Last edited by pegasus; 07-16-2019 at 05:16 PM.

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  11. #56
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    We pronounce words with r as l.

    For example rekha (line) would be lekha (likh).

    Or completely without r.
    Priya - Piya.
    Thus Asok is called Piyadasi which is how Greek (but not Aramaic) also noted him - Piodases.

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    Quote Originally Posted by parasar View Post
    We pronounce words with r as l.

    For example rekha (line) would be lekha (likh).

    Or completely without r.
    Priya - Piya.
    Thus Asok is called Piyadasi which is how Greek (but not Aramaic) also noted him - Piodases.
    Cf. Pali laja for raja. Eg.: devanam piye piyadasi laja haivam aha https://books.google.com/books?id=dXVOXRrYQiQC&pg=PA197

    We also see this phenomenon in the Black Sea area:
    saul for saur (sun)
    "The Pontic language seems to have been much more archaic. It preserves the phoneme -l- which became -r- everywhere in Vedic ...
    *saul- 'the sun' (in Saulios 'a king's name') from IE *sawel- vs. Vedic surya- ... That all makes Pontic Aryan another dialect of the Indo-Aryan branch. Their language was already separated from Iranian when they left their traces in Northern Mesopotamia and on the shores of the Black Sea."
    https://tied.verbix.com/archive/article17.html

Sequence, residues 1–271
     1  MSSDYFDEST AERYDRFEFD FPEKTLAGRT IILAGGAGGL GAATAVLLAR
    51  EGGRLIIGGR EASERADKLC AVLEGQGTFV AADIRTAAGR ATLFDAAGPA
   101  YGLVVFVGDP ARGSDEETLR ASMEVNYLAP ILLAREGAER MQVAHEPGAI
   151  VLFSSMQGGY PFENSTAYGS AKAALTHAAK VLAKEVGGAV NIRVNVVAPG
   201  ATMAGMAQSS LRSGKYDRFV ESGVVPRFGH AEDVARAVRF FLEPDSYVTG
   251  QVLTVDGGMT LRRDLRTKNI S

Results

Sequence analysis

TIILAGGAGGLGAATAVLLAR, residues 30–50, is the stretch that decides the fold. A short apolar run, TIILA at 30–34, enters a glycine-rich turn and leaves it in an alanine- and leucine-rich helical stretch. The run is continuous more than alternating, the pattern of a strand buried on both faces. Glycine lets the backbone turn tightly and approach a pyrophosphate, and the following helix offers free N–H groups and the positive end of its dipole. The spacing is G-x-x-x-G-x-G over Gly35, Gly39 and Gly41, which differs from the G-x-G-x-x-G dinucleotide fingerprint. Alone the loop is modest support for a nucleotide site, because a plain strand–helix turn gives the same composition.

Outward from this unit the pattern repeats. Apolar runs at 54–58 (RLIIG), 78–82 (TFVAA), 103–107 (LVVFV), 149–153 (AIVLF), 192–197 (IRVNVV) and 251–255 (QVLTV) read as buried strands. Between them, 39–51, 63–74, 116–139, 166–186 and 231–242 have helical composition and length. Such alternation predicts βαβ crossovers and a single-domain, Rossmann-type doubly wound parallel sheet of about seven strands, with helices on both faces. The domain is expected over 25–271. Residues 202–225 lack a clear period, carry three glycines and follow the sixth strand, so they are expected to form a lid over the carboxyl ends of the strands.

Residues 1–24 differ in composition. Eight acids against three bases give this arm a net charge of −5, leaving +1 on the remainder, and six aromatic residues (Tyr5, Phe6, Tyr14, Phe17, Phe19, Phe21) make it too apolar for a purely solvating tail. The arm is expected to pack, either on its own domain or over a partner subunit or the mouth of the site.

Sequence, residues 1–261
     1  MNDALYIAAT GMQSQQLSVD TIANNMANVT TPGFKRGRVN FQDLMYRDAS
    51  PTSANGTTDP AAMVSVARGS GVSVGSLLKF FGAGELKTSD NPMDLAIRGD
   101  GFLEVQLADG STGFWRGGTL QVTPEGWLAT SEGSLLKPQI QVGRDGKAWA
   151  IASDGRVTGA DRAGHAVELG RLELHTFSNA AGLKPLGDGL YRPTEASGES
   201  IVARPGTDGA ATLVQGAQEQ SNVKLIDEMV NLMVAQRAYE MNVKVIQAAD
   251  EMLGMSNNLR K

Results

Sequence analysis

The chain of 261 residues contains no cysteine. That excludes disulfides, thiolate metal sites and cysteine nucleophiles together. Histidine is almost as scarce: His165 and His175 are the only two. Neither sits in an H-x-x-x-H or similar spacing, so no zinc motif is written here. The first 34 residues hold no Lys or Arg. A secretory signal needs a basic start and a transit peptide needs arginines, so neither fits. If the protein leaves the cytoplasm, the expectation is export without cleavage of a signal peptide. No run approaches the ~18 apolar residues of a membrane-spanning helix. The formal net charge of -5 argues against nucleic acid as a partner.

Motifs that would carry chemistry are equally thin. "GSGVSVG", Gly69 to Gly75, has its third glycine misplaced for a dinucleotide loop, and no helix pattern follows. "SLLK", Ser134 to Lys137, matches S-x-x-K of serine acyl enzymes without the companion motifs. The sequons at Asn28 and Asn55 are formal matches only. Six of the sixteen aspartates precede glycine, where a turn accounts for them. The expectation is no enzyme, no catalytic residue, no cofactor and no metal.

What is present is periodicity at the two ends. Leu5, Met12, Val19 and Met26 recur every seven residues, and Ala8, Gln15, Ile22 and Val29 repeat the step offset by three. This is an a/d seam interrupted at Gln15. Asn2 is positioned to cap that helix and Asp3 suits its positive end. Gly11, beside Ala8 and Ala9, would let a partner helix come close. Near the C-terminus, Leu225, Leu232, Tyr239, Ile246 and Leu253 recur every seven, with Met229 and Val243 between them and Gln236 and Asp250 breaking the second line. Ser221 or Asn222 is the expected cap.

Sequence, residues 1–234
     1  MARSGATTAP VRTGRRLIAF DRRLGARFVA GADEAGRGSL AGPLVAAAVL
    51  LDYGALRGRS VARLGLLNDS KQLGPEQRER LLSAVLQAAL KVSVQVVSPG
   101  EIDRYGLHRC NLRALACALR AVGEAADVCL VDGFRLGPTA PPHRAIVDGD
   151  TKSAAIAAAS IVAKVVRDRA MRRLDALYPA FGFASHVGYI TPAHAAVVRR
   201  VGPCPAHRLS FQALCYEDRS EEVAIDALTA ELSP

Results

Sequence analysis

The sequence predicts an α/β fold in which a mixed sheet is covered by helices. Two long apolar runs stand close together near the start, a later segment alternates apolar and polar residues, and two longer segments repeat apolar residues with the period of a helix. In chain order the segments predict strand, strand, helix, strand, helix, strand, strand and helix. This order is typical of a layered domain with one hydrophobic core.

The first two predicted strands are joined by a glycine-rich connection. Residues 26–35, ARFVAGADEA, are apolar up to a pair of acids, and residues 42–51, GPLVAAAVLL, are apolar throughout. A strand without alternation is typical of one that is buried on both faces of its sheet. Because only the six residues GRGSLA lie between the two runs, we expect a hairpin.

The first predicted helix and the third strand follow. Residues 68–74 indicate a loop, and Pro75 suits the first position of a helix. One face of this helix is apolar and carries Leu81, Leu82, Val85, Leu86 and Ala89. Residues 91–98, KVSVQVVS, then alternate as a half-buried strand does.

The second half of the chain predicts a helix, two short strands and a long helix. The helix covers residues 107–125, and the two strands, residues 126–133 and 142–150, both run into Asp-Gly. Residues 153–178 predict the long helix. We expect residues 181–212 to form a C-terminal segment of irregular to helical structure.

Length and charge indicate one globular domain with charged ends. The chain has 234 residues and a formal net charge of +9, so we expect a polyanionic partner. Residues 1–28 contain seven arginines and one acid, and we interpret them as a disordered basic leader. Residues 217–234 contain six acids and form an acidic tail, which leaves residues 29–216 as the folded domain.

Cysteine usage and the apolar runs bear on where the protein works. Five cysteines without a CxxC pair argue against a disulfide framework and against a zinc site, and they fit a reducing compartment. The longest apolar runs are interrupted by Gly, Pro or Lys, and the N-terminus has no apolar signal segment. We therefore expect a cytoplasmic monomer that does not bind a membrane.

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  14. #58
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    Quote Originally Posted by parasar View Post
    We pronounce words with r as l.

    For example rekha (line) would be lekha (likh).

    Or completely without r.
    Priya - Piya.
    Thus Asok is called Piyadasi which is how Greek (but not Aramaic) also noted him - Piodases.
    Kishna or kishan for Krishna ?

    Quote Originally Posted by parasar View Post
    Cf. Pali laja for raja. Eg.: devanam piye piyadasi laja haivam aha https://books.google.com/books?id=dXVOXRrYQiQC&pg=PA197

    We also see this phenomenon in the Black Sea area:
    saul for saur (sun)
    "The Pontic language seems to have been much more archaic. It preserves the phoneme -l- which became -r- everywhere in Vedic ...
    *saul- 'the sun' (in Saulios 'a king's name') from IE *sawel- vs. Vedic surya- ... That all makes Pontic Aryan another dialect of the Indo-Aryan branch. Their language was already separated from Iranian when they left their traces in Northern Mesopotamia and on the shores of the Black Sea."
    https://tied.verbix.com/archive/article17.html
    is latha -> ratha ? is it likely change in pronunciation from l to r or latha means different?
    Last edited by discreetmaverick; 04-24-2020 at 09:43 PM.

  15. #59
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    Bhalo bhashi- sorry I don't understand this language.